Bedford’s first municipal cemetery opened on the 5th June 1855. The cemetery was built by the Borough of Bedford and consisted of 18 acres which was increased in later years to approximately 37 acres. There is much historical and family history to be found amongst over 50,000 memorials with in excess of 100,000 burials.
Both the gatehouse and chapels were designed in the Gothic revival style by the Bedford architect Thomas Jobson Jackson.
The chapel building originally consisted of two separate chapels, one for the Church of England and one for Dissenters. In the mid 1950s the chapels were converted into a crematorium to serve the residents of Bedford. The Dissenters chapel became the Crematorium chapel and the Church of England chapel contained the Book of Remembrance. A waiting room and office were added. The crematorium was closed in 1995 when the new purpose built crematorium opened in Norse Road, Bedford.
The gatehouse originally incorporated an entrance arch for hearses, flanked by a cemetery office and accommodation for the Registrar.
The cemetery has a special connection with the military through Bedford’s public schools in the Victorian times. This is demonstrated by the above average numbers of high ranking military personnel buried in the cemetery with accompanying memorials of distinction.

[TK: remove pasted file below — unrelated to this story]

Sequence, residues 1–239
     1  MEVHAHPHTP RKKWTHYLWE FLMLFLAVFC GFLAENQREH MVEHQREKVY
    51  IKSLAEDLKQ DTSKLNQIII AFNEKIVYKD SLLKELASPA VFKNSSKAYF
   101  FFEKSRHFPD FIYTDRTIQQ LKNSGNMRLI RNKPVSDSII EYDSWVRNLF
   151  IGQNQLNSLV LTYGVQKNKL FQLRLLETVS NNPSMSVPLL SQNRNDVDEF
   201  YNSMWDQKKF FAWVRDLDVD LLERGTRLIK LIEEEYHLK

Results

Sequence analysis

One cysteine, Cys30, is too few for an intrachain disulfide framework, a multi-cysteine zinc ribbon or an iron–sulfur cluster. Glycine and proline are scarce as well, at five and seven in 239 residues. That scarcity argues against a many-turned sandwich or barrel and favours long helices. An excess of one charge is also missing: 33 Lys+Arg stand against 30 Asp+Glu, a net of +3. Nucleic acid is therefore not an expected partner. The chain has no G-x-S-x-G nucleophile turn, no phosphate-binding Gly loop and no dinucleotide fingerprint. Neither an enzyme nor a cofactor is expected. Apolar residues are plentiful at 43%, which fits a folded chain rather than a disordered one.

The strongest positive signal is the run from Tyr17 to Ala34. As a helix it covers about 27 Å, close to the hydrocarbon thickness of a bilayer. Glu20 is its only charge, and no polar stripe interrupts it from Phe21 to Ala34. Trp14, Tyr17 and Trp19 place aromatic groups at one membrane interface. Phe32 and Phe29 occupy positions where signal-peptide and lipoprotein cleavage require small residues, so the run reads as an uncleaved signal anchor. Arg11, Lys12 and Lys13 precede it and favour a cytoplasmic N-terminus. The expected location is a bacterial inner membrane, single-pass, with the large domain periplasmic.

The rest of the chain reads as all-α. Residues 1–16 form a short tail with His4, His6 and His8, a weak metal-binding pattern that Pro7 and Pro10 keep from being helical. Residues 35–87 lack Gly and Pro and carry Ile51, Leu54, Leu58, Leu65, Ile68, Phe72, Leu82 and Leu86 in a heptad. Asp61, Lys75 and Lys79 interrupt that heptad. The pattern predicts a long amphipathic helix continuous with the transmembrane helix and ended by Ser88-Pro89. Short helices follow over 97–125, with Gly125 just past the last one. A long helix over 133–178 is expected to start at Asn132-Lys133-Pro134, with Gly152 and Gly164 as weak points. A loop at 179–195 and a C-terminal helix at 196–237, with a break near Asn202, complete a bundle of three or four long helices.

The cemetery was known as Bedford Cemetery until the new cemetery at Norse Road was opened in 1987, when the name was changed to Foster Hill Road Cemetery.
Every type of headstone design popular in the Victorian period can be found in the cemetery and with no more room for burials, apart from a small number of unused spaces within family plots, the cemetery has become part of Bedford’s heritage of historical monuments and a quiet recreational area.
The Cemetery is a place to remember the people who have gone before us and our Articles help to celebrate many of the interesting people buried in the Cemetery.